This makes me even more skeptical that the recent positive result from an RCT was due to the specific Reading Recovery methods.
An overlooked body of research evidence is the wealth of process product research spanning the 1950s through to the early 1980s. This research is essentially investigating correlations between specific teaching methods and gains in student knowledge and understanding. You can see why it has been largely replaced by experiments and quasi-experiments where factors can be systematically varied. However, I think it is still important and highly suggestive of which approaches are the more effective.
Barak Rosenshine looked into this research and derived principles of ‘direct instruction’. I also like Greg Yates’ discussion in his “How Obvious” paper. If you have the time, it is worth reading Thomas Good and Jere Brophy’s summary of the research, whilst mindful of Good’s warning not to see the findings as a checklist or observation tool.
So, it can be hard to evaluate approaches in education. The common methods have obvious flaws. However, I am not a postmodernist. I believe that people are more similar than different in the way that they learn and that we should ultimately be able to find some good general principles on which to base our decisions.
In the medium to long term, we should find ways to encourage knowledge building through properly controlled, randomised trials. The formation of the EEF in the UK is a good sign. As teachers, we may wish to involve ourselves in such research when we undertake Masters and PhD study. University education departments should focus more on this sort of research and less on ideological opinion papers or woefully flawed trials. I am hopeful.
However, we should not overlook what we already know. Despite the flaws, as Rosenshine notes, the results of investigating educational practices using quite diverse approaches all seem to converge on quite similar findings; the importance of teacher clarity and explicit instruction, the value of academic time-on-task, the role of practice and testing. There is enough to be going on with.
So there you are, one of the few, disparate survivors of The Event. Caught like a rabbit in a trap, you are brought before the psychopathic, leather-clad local warlord who is to decide whether you are useful or whether he should just kill you for the fun of it. What do you say? What valuable skills might you trade for your life?
I think that the 21st century skills movement has not been anywhere near ambitious enough. It has not asked the right questions. Yes, we all know that there will be jobs in the 21st century that don’t exist yet, even though we are already in the 21st century. Obviously, all of the jobs that we can think of – accountant, plumber – already exist and so this proves that we can’t possibly name and describe the non-existent ones. In such a case, how can we prepare our students for them?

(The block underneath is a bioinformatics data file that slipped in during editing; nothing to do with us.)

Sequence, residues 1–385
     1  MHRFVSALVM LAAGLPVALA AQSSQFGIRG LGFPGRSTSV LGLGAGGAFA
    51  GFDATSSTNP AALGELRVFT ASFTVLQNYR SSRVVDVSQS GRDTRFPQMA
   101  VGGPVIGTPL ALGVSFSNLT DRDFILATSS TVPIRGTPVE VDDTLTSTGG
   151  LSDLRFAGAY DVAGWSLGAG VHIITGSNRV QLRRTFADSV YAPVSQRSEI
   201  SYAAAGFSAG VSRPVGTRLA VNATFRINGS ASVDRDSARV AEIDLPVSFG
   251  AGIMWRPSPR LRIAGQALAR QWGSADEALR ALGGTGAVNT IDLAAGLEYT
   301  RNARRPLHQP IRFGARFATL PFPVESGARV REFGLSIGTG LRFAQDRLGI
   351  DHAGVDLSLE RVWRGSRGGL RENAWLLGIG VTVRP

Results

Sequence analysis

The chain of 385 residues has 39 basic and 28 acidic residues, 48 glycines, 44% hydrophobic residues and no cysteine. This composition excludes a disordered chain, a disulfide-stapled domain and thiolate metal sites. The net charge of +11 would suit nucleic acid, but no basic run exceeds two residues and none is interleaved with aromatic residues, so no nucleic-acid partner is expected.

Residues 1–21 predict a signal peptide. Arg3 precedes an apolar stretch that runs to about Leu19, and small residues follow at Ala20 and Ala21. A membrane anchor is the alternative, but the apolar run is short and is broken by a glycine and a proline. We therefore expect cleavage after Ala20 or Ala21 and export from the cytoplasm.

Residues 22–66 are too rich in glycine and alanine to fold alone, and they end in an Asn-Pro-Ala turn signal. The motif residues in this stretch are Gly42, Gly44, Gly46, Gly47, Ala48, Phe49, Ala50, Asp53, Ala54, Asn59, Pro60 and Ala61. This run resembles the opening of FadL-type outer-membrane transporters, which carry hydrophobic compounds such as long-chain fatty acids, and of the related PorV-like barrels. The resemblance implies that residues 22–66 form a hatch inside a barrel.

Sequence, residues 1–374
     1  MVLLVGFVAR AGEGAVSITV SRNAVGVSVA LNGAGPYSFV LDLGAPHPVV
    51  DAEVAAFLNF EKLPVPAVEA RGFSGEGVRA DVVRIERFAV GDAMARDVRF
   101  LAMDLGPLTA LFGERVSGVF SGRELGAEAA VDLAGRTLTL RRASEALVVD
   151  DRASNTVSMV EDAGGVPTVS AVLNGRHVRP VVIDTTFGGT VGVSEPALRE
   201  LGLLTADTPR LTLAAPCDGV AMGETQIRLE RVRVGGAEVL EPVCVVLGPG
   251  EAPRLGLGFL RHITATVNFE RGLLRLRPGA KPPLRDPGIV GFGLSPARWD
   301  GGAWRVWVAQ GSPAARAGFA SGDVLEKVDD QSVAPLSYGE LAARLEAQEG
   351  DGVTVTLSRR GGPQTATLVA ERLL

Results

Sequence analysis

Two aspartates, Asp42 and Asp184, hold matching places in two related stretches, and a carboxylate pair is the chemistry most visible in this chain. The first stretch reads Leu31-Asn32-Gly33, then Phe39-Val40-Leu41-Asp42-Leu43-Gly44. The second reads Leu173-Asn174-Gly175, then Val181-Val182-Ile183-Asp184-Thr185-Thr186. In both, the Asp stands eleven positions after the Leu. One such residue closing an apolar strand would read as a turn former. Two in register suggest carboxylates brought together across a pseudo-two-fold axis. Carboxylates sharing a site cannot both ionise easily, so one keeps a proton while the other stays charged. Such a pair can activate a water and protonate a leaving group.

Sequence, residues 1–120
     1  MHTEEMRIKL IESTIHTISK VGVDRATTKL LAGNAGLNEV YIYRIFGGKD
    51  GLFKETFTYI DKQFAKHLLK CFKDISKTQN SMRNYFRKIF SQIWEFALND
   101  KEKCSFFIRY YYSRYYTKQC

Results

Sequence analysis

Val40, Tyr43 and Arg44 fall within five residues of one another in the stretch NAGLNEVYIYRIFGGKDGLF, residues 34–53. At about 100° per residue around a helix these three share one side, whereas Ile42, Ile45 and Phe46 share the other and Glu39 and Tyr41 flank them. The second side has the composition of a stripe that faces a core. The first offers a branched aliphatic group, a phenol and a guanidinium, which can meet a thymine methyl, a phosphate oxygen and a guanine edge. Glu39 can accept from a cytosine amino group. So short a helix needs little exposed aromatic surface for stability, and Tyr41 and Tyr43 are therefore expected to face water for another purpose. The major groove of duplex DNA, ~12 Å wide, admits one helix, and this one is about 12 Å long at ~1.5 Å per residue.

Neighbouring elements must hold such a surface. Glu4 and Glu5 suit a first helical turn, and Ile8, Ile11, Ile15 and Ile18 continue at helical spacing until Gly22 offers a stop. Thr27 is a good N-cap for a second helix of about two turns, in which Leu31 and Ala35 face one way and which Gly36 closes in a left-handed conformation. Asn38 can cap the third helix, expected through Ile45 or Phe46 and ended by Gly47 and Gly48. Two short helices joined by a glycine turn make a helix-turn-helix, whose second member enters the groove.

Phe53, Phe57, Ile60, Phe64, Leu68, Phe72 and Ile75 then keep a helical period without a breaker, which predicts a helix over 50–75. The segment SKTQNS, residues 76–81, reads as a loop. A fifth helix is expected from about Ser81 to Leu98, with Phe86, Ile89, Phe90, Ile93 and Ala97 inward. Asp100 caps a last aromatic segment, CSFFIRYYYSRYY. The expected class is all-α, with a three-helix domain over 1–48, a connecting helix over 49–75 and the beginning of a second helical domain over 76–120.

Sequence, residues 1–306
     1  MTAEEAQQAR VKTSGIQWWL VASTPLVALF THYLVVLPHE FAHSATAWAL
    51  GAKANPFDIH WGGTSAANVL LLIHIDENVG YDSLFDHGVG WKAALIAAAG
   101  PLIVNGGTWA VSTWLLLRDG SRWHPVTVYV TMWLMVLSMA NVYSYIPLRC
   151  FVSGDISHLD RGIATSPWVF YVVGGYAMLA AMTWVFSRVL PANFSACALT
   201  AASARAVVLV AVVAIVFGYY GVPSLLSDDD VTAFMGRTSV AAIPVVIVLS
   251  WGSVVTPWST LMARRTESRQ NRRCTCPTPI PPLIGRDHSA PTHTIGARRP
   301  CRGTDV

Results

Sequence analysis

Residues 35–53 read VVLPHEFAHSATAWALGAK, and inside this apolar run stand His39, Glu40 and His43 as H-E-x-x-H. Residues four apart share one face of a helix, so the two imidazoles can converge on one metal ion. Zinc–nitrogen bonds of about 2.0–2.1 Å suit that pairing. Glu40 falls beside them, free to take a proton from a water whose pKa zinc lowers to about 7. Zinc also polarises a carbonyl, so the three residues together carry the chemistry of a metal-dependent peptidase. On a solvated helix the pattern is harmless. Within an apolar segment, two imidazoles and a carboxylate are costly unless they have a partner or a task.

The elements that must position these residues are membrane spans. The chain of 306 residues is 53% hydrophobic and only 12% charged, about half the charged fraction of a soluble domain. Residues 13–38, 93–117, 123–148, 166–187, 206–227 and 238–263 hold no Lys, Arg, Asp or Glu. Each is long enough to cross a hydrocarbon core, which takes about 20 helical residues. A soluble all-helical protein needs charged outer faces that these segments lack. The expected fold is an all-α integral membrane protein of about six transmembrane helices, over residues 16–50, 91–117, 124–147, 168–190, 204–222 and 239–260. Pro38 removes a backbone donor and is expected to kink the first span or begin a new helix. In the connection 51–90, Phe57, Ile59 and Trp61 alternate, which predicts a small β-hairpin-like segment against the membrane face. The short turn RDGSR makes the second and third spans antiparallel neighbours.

We also know that it is impossible to teach children the knowledge that they will need in the 21st century. The rate at which cat photos and fake Einstein quotes are being uploaded to the internet means that nobody could possibly memorise them all. So we have to prepare for this brave future. But what of the future after the future? Won’t somebody please think of that?
When the apocalypse comes, there will be some absolutely essential skills that all survivors will need in order to… survive. They will need to be creative, have the capacity to think critically and be able to work in teams. Clearly, the education systems of the past that produced all of the scientists, inventors and artists who contributed to a vast flowering of human knowledge and increased standards of living; these education systems will be insufficient to the task.
Instead, we must engage children in randomly making whatever they feel like and we need to get them to do role-plays and stuff like that.
Of course, there are those who dissent from this vision. Thinkers like E D Hirsch systematically mine culture for that which has endured on the assumption that knowledge that has been valuable in the past is our best guide to what might be of value in the future, both for work and for pleasure. Oh.
As for me, when the time comes and I’m hauled before that warlord, I think I’ve worked out what I’m going to go with. I won’t try and sell him on my ability to collaborate or my creativity. I won’t even mention my proficiency with 21st century technologies. Instead, I think I’ll go with the fact that I can make beer from scratch. That might work.
Arguments about education sometimes go a bit like this:
And sometimes they go a bit like this: